Sunday, December 29, 2013

Operations Uphill, Downhill and Convoy - São Paulo

Imigrantes Highway to the beach. Photo credit: globo.
I'm back in São Paulo after a truly relaxing and wonderful ten days at the beach. Okay, all of them were relaxing until the last one which involved of course packing, and also planning when to leave. The reality of visiting the coastline of São Paulo state during the week between Christmas and New Year's means strategizing on how best to get back to your home.

During the days after Christmas, almost 700,000 cars leave São Paulo, and head to the shoreline. There are four main highways that lead there, as I think I have covered in another post--Imigrates, Anchieta, Mogi-Bertioga and Tamoios. My favorite used to be Tamoios, which is a smaller highway that crosses from São Jose dos Campos to the shoreline. We used to be able to make the trip in 2 1/2 hours a decade ago. Now Tamoios is under construction (adding two lanes) and the trip has been more than four hours on the last attempt (some other poor souls spent 10 hours in traffic there during the November holiday). 
  Mogi-Bertioga is also an older smaller highway and we decided to bypass it. So that left us with Imigrantes or Anchieta. Anchieta is the oldest of the highways (built in the 1930s) and clings to the mountainside as it heads down through the Atlantic rain forest. Imigrantes is the superhighway built in 1974, and recently expanded with gorgeous high spans and huge tunnels, also connects Santos to São Paulo. Both are frequently stuffed full of cars as it is the most direct and easiest route to the beach. 

And here is where the fun begins--evaluating Operation Downhill. Wait...not yet. No fun. I must digress.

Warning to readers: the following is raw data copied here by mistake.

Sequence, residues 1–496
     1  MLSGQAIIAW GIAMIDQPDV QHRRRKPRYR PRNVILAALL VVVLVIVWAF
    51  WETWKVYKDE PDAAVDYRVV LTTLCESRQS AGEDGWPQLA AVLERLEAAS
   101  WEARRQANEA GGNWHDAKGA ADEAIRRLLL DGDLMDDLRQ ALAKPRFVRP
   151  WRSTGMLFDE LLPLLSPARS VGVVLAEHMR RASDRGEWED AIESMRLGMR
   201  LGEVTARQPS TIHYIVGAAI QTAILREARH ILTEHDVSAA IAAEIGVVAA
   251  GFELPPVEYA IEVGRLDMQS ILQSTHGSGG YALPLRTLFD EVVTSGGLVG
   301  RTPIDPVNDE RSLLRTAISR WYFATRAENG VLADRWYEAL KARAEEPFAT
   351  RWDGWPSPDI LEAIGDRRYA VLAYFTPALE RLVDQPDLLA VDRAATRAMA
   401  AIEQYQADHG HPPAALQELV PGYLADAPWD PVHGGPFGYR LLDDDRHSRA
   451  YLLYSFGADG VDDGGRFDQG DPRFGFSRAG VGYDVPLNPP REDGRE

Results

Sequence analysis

When I lived in Miami for six years (2002-2008), five hurricanes passed over South Florida including Katrina. It is one of the reasons I will never again live in South Florida, though I have good friends there and it's a nice place. When you live in any of the hurricane territory (Texas, Florida, the Carolinas, etc), you gain a whole vocabulary barely understood by those not in the know. You know about the clean side and the dirty side of a hurricane and which one you'd rather be on, you understand the "box" and you know the NOAA website like your own blog site.  That is hurricane savvy.

Here, you become Operation Downhill (or Uphill) savvy. Operação Descida is what the traffic police create when the majority of people are leaving São Paulo and descending the coast mountains to the beach. They reverse various lanes on Anchieta and Imigrantes (and Tamoios too but rarely). So, you come to know what is a 7 by 4, or a 6 by 3 or whatever. 

All you need to know about Uphill-Downhill. Folha de São Paulo.

Above is an illustration of the operation. On the top arrow-fest, you can see that Operation Downhill is at a 7x3 for the days after Christmas. This means seven lanes are heading down to the beach, and only three lanes are heading back to the capital. Anchieta highway has all lanes heading to the beach--you cannot get back to the city by Anchieta. Three of the lanes of Imigrantes are heading down and three are heading up. 

Which side would you rather be on? Yeah, me too.
 We took one of these three lanes yesterday--the trip wasn't too bad except for a fog situation at the top. Even with Operation Downhill, the traffic on the other side was terrible--because of the fog, the downhill run was also affected by Operation Convoy.

In Comboio (Convoy), the traffic is held right after the toll booth and cars from the traffic police lead each lane slowly through the fog. It is a giant parade, and not one in which you want to participate. I can imagine that the traffic to the beach was taking more than 3 hours on a normally hour-long ride. 

Operation Convoy. Photo credit: Estadão.

We got home in about 3 1/2 hours, which is a half-hour longer than the usual (now) three-hour ride. For those leaving the beach on Sunday, your Operation Uphill is 4 x 6. Good luck!

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